Public sector plague citizens with letters to the deceased

Colin Brazier, a Sky News presenter, sadly lost his wife to breast cancer in July this year. A few weeks later she was sent a letter from Hampshire Hospitals inviting her to a breast screening appointment. Mr Brazier shared a picture of the letter on Twitter along with the comment: "I know the NHS is the closest thing we have to a state religion etc., but invitations to breast screening fall on deaf ears to those who've already died of breast cancer."

Hampshire Hospitals responded quickly and apologised publically for the mistake. Mr Brazier was very pragmatic saying"mistakes occur in all monolithic institutions", but added: "It's just something that needs noting when it happens."

This may be the case but in the same week nearly 100 grieving parents received letters from Manchester City Council telling them how to enrol their (deceased) child for a school place in 2019. Sarah Stephens, a recipient of the letter, whose daughter, Violet, passed away two years ago aged 15 months was much less pragmatic than Mr Brazier. She said the letter upset the whole family, serving as a stark reminder of their loss. The letter was first opened by her husband. "My mother-in-law was staying with us and she became very distressed when he showed her the letter after she asked what had upset him. The letter of apology in response was even worse, with the salutation ‘Dear Parent’.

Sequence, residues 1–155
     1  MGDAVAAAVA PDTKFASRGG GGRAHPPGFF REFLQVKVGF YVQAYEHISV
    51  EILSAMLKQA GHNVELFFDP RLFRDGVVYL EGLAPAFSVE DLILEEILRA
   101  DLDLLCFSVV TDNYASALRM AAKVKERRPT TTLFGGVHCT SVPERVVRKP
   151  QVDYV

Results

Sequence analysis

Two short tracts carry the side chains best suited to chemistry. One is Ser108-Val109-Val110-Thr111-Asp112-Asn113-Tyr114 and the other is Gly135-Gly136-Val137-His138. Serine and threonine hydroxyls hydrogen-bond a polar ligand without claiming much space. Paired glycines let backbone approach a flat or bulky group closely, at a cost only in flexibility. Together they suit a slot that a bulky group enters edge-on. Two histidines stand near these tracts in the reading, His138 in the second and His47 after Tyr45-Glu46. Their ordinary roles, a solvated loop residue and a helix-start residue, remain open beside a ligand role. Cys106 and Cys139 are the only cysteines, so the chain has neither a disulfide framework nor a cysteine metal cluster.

In response Manchester City Council said “our initial investigation shows that a number of such letters may have been sent out in error to families and we're reviewing all our systems to make sure this cannot happen again.”

Mr Brazier is right errors do happen. However, for 95 letters to be sent out offering school places to deceased children is more than a simple mistake.

The fact of the matter is all organisations, whether private or public sector, have a responsibility to their stakeholders to stop communications with or about someone that has passed away.